Okay, scs’s new rule. Bombing shit is okay, if you are bombing to save the life of people and that’s the only way to do it. Also if you are bombing to save the physical life of people in the future (potential development of threat, ie. WMD) But not okay to bomb shit cause you are greedy and you want to run the country and build really big palaces. Maybe we can put this one up there with the Hitler reference rule.
This is absolute rubbish. I don’t buy into the ‘taking lives to save lives’ meme. Sorry. I think that all lives are equally sacred. And incidentally, bombing Iraq was NOT the only way to ‘save life’.
Again, taking lives does not save lives. And as far as the potential of threat goes, who gets to decide that? Why exactly is America so special that we can make unilateral movements that others cannot? And what happens when you destroy physical life but do not save future life because the threat potential was non-existent?
Well, that pretty much sums up the American position – just replace palaces with military bases.
Anyway, your rule stinks, scs, because it has too many caveats and conditionals that make it impossible to apply uniformly. That is why my rule is better:
Bombing shit is NEVER a way to get what you want.
Juan Cole has been pushing the idea that a rapid withdrawal would have too great a chance of leading to a full-scale civil war, which in turn would disrupt the oil industry and depress the world economy. That doesn’t mean he’s a stay the course guy either. I think he summed it up well in a post entitled “Sometimes You Are Just Screwed.”
I don’t know John S. I’d settle for “John’s Rule” if it were more like this:
Bombing shit is almost NEVER a way to get what you want.
Unless you want shit all over the place.
Why waste bombs on shit anyway? Get a shovel nimrod.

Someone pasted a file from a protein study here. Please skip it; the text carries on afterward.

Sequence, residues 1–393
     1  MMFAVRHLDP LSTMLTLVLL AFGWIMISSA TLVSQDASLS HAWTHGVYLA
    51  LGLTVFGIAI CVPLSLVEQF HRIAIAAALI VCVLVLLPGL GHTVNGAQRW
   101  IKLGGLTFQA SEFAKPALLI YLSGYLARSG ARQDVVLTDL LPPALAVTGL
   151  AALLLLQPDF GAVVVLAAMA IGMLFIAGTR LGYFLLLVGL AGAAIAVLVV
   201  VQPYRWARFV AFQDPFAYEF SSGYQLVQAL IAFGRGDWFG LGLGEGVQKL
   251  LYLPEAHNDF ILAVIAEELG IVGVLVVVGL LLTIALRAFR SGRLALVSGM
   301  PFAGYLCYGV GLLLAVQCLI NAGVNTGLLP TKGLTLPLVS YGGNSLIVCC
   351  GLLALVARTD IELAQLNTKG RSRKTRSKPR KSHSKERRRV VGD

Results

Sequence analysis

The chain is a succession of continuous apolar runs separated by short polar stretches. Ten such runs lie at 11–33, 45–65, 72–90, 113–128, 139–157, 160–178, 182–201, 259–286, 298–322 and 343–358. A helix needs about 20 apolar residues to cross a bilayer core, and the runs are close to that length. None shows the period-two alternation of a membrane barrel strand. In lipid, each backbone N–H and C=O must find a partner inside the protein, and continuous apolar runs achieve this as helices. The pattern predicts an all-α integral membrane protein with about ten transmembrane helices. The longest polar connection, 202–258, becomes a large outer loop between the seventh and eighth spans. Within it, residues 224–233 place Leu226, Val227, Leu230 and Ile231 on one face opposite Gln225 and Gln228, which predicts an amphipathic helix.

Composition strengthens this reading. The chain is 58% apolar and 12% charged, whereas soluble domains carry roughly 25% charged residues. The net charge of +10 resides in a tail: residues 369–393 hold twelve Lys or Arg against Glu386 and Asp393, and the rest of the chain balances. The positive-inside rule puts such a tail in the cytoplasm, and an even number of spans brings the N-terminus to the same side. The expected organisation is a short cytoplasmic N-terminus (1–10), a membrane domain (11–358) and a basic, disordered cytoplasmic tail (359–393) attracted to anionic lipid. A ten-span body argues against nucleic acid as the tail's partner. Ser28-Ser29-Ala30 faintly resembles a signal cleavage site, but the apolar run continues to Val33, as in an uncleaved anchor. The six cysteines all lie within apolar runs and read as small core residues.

Okay, for those less inclined to absolutism, I can go with:
Bombing shit is NEVER* a way to get what you want.
*Except in the event that the threat to humanity is real (not imagined) in the form of an imperialist dictator that posesses actual military might (see: Hitler, Napoleon) and is intent on world domination.
Finally some glimmer of sense here. Bombing shit is a damned fine way to get what you want, if what you want is “Hitler to stop invading countries.”
Where it’s deeply problematic is when the shit being bombed belongs to a country that didn’t attack us and is full of people who will bomb our soldiers right back. That shit sucks.
Seems like scs’ rule would include a caveat that her ass is nowhere near the line of fire when the people whose heads the bombs are landing on get pissed off and bomb back-oh,sorry,I’ve just been informed that’s one of the rules for College Republicans.
Its nice to see the Iraqi gov’t is getting more serious about taking over security responsibilities. Of course we’ve always said we would leave when they asked, and we were always planning to leave eventually. The question has always been: do we leave on U.S./Iraqi gov’t terms, or do we leave before that, essentially running away from the battle with the insurgents? Attacking those who advocate the latter is not hypocritical by those who advocate the former
But people on both sides have to remember something:The insurgents have not won a platoon-level or higher engagement with U.S. or Iraqi forces in over a year.
As long as U.S. air support is available (which I’m guessing it probably will be indefinitely), the insurgency is basically nuisance-level militarily. They can inflict casualties on passing convoys, but they can’t win an engagement and therefore aren’t much of threat to take over the country, though they can make life very difficult in areas they control by default due to lack of coalition/Iraqi gov’t presence. As the clear-and-hold operations continue in Anbar, the territory they can freely operate in is getting smaller and smaller. Given the growth of level II battalions and overall ISF forces, it’s not unreasonable to think the Iraqis could take over and our ground forces could be out in 2006 (except for some embedded advisers in the Iraqi units) and still meet all of the benchmarks the military has set, esp. when you consider there are already more ISF troops today than there have ever been US coalition forces in Iraq, and they continue to grow by 5,000 – 10,000 per month.